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Details of Grant 

EPSRC Reference: EP/T007575/1
Title: 3D Printed, Stand-alone, Colourimetric Indicator Strip (3DCIS) for Non-Invasive, On-demand Chronic Wound Monitoring
Principal Investigator: Mills, Professor A
Other Investigators:
Gilmore, Professor BF Stewart, Dr DW
Researcher Co-Investigators:
Project Partners:
Clonallon Laboratories Ltd
Department: Sch of Chemistry and Chemical Eng
Organisation: Queen's University of Belfast
Scheme: Standard Research
Starts: 01 January 2020 Ends: 31 December 2022 Value (£): 690,274
EPSRC Research Topic Classifications:
Instrumentation Eng. & Dev. Med.Instrument.Device& Equip.
EPSRC Industrial Sector Classifications:
Manufacturing Healthcare
Related Grants:
Panel History:
Panel DatePanel NameOutcome
09 Jul 2019 HT Investigator-led Panel Meeting - July 2019 Announced
Summary on Grant Application Form
Chronic wounds have been referred to as the 'silent epidemic' that affects a significant proportion, 1-2 %, of the population during their lifetime. The main causes of chronic wounds are: diabetes, burns and pressure ulcers and, as the term 'chronic' suggests, they are not readily cured. Thus, in a recent study almost 42% of leg/foot ulcers had not healed in the previous 6 months and 28% had remained unhealed for a year or longer. In all countries, chronic woundcare places a considerable burden upon the local and national health services. For example, in the UK, some 650,000 patients suffer from some form of chronic wound, resulting in an annual cost of ca. £3 Bn, and in the USA there are about 6.5 M suffers, whose treatment costs ca. £25 Bn pa. Venous ulcers, which usually occur in the legs, account for 70-90% of chronic wounds and mostly affect the elderly. It follows that since the global average life expectancy continues to rise then so too will the number of incidences, and cost, of treatment of chronic wounds. The combined cost to the NHS for their treatment reaches approximately £3 billion per year. There is a clear need for an inexpensive, disposable wound monitoring method that can be: (i) readily incorporated into a wound dressing, thereby rendering it smart and, (ii) able to provide clinicians, nurses and patients with a continuous, or semi-continuous, stream of information about key biomarkers, i.e. biochemical cues, which would help identify the condition/status of the wound and so flag up wounds that are not healing properly and that require medical intervention. The proposed technology involves the 3D printing of a multi-analyte strip, comprised of four different colour-based indicators which are selective in response to four different gaseous bio-markers, namely: CO2, volatile amines (RNH2), humidity (H2O) and O2. This strip will provide a semi-continuous, on-demand, stream of information concerning the composition of the headspace above wound and contained by the dressing. The proposed multi-analyte, in situ, volatile analysis, afforded by this simple, stand-alone, colour strip, has a number of advantages compared to existing wound monitoring methods, which include: (1) complete strip production using 3D printing technology, (2) simple colour changes that can be read by eye or digital camera, (3) simple to incorporate into an existing wound dressing (i.e. stand-alone), (4) easy to interpret, (5) logged data trends and automatic real-time alerts (6) inexpensive, (7) non-contact/non-invasive, (8) applicable in a wide number of healthcare environments (including: point of care, outpatients, hospital wards and home care), (9) scope for application in other areas, both medical, such as in acute wound dressings, and non-medical, such as food and electronic goods packaging, (10) amenable to microfabrication and (11) scope for other analytes to be added, such as temperature and volatile sulfides.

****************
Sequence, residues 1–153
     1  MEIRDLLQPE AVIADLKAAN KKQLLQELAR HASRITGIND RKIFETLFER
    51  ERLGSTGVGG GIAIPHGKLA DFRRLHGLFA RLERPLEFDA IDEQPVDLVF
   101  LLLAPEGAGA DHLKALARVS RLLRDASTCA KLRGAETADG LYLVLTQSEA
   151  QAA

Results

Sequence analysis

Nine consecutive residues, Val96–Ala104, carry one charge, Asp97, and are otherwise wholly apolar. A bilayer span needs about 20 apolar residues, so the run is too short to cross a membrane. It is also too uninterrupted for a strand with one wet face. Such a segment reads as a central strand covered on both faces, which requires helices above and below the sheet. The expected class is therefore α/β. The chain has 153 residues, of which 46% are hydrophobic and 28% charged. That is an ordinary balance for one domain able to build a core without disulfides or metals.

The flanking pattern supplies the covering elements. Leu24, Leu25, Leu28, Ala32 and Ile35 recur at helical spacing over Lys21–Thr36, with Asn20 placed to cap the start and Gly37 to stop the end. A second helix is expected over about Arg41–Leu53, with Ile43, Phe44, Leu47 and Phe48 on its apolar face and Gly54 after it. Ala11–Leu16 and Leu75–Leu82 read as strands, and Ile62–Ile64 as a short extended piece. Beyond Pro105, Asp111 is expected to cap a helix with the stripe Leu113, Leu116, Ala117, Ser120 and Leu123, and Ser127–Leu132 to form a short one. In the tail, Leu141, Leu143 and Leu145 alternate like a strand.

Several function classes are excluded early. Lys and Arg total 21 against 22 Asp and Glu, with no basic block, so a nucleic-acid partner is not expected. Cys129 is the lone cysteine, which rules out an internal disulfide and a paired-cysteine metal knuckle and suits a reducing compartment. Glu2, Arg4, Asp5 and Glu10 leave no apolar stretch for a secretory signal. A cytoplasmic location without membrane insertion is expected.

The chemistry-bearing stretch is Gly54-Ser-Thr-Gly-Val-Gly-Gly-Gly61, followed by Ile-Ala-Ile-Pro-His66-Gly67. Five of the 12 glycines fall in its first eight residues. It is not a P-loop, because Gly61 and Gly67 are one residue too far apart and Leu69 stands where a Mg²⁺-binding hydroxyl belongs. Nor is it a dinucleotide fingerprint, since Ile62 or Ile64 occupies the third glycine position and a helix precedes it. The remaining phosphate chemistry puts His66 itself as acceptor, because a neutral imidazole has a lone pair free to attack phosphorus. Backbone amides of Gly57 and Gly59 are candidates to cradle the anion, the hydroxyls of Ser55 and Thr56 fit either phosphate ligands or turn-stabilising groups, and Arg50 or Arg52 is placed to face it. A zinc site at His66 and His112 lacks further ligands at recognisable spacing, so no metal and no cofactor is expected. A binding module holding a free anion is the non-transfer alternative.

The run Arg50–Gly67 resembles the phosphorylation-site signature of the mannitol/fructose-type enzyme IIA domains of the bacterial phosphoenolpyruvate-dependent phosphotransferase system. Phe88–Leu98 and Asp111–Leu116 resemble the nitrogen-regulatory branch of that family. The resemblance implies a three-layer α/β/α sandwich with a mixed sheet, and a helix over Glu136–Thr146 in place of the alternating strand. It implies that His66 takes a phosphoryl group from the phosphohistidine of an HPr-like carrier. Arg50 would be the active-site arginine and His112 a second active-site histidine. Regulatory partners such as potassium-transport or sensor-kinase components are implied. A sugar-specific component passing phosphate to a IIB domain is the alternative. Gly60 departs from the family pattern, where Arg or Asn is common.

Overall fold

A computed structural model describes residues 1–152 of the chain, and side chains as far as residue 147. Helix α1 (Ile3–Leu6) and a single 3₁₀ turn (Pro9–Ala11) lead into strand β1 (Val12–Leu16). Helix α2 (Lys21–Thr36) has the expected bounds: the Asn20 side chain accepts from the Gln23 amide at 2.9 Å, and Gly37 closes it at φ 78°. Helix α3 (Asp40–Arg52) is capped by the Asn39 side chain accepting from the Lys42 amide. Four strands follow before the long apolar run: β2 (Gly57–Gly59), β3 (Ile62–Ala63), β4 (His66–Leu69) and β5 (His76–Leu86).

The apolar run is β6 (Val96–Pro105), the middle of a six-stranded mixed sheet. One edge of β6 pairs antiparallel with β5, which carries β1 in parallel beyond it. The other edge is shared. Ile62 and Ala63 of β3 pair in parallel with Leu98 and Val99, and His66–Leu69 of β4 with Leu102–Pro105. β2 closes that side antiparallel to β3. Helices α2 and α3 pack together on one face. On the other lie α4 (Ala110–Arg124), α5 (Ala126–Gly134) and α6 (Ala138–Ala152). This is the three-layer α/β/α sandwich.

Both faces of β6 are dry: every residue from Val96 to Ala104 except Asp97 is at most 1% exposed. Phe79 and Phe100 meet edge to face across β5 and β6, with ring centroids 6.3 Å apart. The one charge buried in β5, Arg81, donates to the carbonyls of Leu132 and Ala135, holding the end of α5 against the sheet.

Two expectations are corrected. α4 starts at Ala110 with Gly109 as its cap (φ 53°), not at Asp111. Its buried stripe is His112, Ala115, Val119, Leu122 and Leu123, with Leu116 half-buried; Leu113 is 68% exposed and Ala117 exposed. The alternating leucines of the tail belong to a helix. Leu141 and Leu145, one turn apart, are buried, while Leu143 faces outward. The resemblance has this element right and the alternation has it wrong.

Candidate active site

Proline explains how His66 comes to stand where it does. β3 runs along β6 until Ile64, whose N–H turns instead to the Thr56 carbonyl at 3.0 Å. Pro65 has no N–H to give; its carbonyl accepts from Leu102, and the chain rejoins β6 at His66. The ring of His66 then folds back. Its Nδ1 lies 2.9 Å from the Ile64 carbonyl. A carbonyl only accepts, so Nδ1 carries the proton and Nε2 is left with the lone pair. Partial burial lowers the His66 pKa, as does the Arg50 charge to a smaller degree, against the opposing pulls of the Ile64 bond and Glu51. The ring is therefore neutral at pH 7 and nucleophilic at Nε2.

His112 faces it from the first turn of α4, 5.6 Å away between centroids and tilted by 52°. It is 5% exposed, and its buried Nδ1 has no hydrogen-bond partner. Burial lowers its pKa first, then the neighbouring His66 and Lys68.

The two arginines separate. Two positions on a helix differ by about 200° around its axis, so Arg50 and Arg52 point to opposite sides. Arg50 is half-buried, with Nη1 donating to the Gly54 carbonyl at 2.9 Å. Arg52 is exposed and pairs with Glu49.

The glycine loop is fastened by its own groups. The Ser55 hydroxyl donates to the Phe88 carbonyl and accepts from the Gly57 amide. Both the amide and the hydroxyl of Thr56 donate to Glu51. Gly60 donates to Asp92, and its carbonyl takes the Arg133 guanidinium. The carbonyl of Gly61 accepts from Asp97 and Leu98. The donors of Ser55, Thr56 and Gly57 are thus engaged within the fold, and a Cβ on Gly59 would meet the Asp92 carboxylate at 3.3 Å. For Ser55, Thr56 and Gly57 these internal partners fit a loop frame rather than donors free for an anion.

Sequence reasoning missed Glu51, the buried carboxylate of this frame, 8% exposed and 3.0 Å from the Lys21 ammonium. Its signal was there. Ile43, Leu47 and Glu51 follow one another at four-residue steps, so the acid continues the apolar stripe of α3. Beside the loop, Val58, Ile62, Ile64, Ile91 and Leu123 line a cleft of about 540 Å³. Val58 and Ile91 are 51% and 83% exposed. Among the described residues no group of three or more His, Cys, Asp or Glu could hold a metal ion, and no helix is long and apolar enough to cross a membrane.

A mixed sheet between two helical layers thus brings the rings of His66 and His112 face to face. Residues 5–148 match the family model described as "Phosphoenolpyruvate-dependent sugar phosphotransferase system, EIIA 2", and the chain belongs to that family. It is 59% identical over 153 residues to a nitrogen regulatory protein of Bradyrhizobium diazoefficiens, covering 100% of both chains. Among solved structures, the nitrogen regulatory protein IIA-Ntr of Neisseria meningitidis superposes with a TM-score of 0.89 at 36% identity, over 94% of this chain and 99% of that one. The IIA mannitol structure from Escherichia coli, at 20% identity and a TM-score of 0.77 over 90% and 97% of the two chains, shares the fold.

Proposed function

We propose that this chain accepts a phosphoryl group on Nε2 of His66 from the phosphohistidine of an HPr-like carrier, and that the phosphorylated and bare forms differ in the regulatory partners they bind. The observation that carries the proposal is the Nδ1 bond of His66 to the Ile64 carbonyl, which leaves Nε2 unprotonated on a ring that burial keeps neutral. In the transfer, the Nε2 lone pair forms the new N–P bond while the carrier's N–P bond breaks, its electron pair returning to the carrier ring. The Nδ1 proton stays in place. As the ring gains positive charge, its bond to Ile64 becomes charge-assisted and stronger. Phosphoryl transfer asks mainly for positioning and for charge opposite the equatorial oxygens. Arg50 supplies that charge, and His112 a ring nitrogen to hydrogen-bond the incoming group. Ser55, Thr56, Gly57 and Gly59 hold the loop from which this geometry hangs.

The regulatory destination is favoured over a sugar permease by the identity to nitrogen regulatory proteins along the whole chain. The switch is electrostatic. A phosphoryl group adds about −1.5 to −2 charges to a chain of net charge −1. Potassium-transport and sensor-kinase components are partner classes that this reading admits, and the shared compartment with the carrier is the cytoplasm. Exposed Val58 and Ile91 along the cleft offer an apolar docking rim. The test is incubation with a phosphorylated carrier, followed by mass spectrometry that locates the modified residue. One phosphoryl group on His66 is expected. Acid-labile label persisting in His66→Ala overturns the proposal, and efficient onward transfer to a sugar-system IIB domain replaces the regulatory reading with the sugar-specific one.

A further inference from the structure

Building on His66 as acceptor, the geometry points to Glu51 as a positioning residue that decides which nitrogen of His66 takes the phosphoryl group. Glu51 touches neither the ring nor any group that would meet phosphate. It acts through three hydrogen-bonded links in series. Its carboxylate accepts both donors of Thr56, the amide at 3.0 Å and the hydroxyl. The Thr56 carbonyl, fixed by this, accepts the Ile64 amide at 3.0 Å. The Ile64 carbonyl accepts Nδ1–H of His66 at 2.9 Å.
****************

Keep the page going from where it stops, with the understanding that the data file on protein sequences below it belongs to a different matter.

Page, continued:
Key Findings
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Potential use in non-academic contexts
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Summary
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Organisation Website: http://www.qub.ac.uk